That’s how the young Sebastian Kneipp must have felt that evening when he returned from the library in Munich. It was at the end of the 1840s and he was trying to get through his university studies while suffering from a lung disease he couldn’t shake off. From a poor family, he had to rely on knowledge flowing to him from various, perhaps unexpected sources. Knowledge discovered. Knowledge earned by intellectual curiosity. And so one day in the library (was he trying to suppress his coughs in the studied silence of the reading room? Did he wander off into the stacks where nobody was, where he could cough into a handkerchief and not bother anybody?) he found a book by one Dr. Johann Siegmund Hahn — written a hundred years before — on the healing powers of water. 

The author was a physician and pioneer of Wasserheilkunde, of naturopathic and scientific hydrotherapy in Germany; Hahn was comfortably positioned in a family of doctors and supported personally and professionally. Thankfully he was also generous and inspired to share his experience and knowledge. That book, with the rather windy title: “Unterricht von Krafft und Würckung des frischen Wassers in die Leiber der Menschen, besonders der Krancken, bey dessen innerlichen und äusserlichen Gebrauch (…)” rested then in the hands of Sebastian Kneipp.

“Physician, heal thyself”

While this may be a warning to those practicing medicine who seek to diagnose illnesses in people and/or project onto others rather than first acknowledging and clearing up their own health issues, it is also an earnest path for some – who, by healing themselves first, become powerful healers.

Photo by Maria Geller

After taking plunges into the cold waters of the Danube River (amongst the methods he discovered in the book and experimented with), Kneipp cured himself of what was considered an incurable illness and went on to develop a healing system that included hydrotherapy, phytotherapy, exercise, nutrition, and a balanced lifestyle. In 1887, he published his book, “Meine Wasserkur” (My Water Cure).

The town of Bad Wörishofen in southern Germany (130 km/81 miles from the München-Erding airport/Munich and 160 km/99 miles from the airport in Stuttgart), which became home to the priest and healer Sebastian Kneipp and his “water cure”, is celebrating Kneipp’s 200th birthday in 2021.

Though Kneippism is part of Germany’s intangible cultural heritage, his system, water cure and holistic approach have inspired and influenced healers and wellness spas worldwide.❀

Interview with Kneipp expert Jochen Reisberger | Dornbracht Healthness network

*We get to pronounce the K in “Kneipp” (rhymes with ripe).

“Rien n’est plus puissant qu’une idée dont l’heure est venue.”

(Nothing is more powerful than an idea whose time has come.)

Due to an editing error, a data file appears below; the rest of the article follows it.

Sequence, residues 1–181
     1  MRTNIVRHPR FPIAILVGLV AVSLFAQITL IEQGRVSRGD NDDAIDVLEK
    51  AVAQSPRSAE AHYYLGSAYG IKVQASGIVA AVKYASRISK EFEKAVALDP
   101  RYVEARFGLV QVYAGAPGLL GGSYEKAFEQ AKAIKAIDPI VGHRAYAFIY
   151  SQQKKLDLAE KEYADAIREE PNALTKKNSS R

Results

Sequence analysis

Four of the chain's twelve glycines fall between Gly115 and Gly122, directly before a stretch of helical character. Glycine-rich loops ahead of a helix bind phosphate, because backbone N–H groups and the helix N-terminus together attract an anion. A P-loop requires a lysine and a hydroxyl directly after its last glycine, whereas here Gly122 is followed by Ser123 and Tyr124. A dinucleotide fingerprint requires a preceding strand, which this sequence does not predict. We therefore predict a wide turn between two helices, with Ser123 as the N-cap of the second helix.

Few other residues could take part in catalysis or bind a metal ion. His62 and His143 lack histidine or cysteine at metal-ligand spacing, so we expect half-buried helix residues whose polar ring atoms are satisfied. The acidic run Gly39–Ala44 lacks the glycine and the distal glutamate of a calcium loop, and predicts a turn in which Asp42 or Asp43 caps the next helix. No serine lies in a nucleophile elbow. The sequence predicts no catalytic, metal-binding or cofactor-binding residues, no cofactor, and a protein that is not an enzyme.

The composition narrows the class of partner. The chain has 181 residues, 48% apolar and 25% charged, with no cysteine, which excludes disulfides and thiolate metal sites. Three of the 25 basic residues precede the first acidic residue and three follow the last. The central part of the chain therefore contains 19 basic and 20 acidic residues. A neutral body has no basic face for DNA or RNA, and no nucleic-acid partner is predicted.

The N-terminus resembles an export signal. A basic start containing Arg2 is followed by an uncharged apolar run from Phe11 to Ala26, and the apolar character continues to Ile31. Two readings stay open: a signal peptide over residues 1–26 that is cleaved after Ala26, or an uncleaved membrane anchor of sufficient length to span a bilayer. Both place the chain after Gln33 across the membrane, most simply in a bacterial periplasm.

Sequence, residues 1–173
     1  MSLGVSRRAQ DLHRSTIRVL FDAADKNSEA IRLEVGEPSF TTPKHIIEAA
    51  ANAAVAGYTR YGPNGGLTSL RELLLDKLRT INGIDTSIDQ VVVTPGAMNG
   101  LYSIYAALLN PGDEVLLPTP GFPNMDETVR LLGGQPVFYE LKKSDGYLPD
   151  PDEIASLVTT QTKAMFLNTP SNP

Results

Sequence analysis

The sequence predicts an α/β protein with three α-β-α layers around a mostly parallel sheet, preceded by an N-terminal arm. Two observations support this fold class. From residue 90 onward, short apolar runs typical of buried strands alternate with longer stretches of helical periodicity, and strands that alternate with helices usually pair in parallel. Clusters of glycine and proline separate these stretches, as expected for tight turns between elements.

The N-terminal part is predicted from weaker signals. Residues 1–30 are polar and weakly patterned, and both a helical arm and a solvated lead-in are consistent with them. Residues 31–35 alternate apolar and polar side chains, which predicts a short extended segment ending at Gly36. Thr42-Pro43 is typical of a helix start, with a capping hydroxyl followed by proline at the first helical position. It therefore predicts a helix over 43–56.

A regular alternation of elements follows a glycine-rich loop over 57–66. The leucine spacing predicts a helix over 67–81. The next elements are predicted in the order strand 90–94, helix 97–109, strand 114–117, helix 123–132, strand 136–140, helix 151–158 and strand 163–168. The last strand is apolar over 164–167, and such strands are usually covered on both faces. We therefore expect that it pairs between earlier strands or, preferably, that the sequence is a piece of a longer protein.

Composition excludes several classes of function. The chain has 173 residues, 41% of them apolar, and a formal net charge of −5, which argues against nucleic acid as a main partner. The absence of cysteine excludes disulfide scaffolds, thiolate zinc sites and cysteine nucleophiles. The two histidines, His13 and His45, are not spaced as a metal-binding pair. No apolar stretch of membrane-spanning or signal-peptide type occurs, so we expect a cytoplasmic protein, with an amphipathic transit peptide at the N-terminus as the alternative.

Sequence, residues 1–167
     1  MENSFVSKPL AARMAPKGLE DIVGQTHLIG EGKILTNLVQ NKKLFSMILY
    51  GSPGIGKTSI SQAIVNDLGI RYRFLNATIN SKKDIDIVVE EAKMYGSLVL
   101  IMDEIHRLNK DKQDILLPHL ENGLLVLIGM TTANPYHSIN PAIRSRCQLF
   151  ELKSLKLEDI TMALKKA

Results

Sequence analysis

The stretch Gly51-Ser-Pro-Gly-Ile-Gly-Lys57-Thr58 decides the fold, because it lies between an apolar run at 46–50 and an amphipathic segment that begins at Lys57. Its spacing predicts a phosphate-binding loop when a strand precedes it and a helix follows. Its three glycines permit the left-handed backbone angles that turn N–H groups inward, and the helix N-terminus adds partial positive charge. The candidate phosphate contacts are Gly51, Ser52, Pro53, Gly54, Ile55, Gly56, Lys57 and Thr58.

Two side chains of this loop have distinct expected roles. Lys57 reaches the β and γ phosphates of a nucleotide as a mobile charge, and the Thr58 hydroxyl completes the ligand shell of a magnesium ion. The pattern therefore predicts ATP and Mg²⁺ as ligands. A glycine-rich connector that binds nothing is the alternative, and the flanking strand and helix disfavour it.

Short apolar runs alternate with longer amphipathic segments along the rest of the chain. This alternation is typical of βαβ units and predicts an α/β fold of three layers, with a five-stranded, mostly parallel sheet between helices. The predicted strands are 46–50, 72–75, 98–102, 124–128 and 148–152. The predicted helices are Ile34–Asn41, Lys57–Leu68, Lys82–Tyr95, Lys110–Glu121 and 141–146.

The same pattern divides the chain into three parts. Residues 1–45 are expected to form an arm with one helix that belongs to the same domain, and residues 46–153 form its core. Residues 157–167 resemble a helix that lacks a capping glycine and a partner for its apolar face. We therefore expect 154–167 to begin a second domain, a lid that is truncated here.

Victor Hugo

Feature Photo by Todd Trapani


As beginners in a yoga practice, we may find ourselves with instructors and practitioners who show us their advanced asana (physical poses), with little or no explanation about the gradual process of achieving the asana.

It is impressive when we perceive someone as spontaneously capable of a pose that seems so daunting. Perhaps an instructor goes into Mayurasana (the peacock pose). Or a student practicing near us shows how they can do the Astavakrasana (the eight angle pose).

Meanwhile, we’re still trying to stand straight and balance in Vrkasana (the tree pose).

The key in those moments as a beginner is to remember that these are only the finished poses. The real objective is inner alignment for enlightenment — through movement and personal development.  So as we concentrate on straightening our posture, feeling rooted in the earth, reaching towards the sky, and experiencing balance in Vrkasana – and if we are able to do this (even slightly) better than in the practice session before — therein lies the value.

The achievement is not the advanced asana; it is to advance with and through asana.

The heartfelt intent to be present and diligent in our practice – stretching ourselves and growing steadily in yoga discipline: that is what we ought to focus on and celebrate, not the finished poses. That inner knowing of how one is growing – that’s not easy to teach or something to show off, is it? Doesn’t it just glow brilliantly? ❂

| Feature Photo by Yan Krukov |

Architectural Quality and Culture: Practically Perfect

Is a utopia the opposite of a dystopia?

Dystopia refers to “an imagined state or society in which there is great suffering or injustice, typically one that is totalitarian or post-apocalyptic.” (New Oxford American Dictionary).

Utopia calls to mind an ideal place – with all the desirable qualities for a wholesome human society. 

Sir Thomas More introduced the term in his 1516 novel Utopia, about a fictional island society. And while that society was located in the south Atlantic Ocean, the word utopia translates from the Greek into English as “no-place”.  So actually, a “utopia” is, in its very code, a promise of perfection with an underlying belief that such a place cannot exist in the real world.